“It was a long shot,” Chief Justice Brent Dickson acknowledged of Sullivan’s mediation effort. “He had a unique command of the political history and was well aware of how things happen in Lake County. He was respected by all the parties, and they knew he had that knowledge and that historical perspective.”

Selby is unconvinced that former judges and justices may have a disadvantage as mediators. Rather, she thinks their experience makes them better able to focus on the possible solutions.

“I think we have an understanding of both the purpose of the process and the alternatives along the continuum of alternative resolution services,” she said.

While former Chief Justice Randall Shepard said he’s had no experience as a mediator, he believes judges and justices may be ideally suited to the task.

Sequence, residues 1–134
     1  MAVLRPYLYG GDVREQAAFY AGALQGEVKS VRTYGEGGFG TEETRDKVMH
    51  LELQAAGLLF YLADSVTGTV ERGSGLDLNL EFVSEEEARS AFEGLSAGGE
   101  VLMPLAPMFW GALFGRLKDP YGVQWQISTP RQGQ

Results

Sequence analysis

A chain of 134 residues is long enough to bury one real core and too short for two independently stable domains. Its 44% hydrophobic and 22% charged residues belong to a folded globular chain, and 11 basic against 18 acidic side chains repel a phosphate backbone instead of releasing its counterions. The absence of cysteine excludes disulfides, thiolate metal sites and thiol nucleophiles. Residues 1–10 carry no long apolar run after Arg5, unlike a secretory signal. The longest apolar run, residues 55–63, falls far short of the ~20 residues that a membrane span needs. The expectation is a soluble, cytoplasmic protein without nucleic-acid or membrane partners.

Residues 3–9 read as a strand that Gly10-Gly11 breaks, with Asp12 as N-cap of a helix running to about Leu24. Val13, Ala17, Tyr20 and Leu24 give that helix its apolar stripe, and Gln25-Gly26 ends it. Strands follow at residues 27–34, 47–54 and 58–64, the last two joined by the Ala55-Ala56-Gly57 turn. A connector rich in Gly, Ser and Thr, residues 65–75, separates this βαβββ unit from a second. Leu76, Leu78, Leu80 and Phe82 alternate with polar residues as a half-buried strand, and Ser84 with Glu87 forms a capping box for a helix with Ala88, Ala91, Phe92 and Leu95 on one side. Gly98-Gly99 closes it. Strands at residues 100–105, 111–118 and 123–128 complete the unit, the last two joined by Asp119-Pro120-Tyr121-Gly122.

“I think who mediates does add something, and there are people who are able to sustain the attention of the combatants, if you will,” Shepard said. “That’s something a former judge or former justice can do.”

Krauss said he believes judges do have an advantage in evaluative mediation, in which they can share with parties based on their experience the likely outcomes of cases or what they believe juries think about in particular conflicts.

Boehm concedes that in some cases parties to mediation may be influenced by his past life as a justice. “I do get some cases where I think the parties actually want me to give them an answer,” he said.

In instances where both parties ask him for his opinion, Boehm said, “I try to point out to each side what it seems to me are the weaknesses of their positions on both sides” so they can recognize the risks they may experience going forward.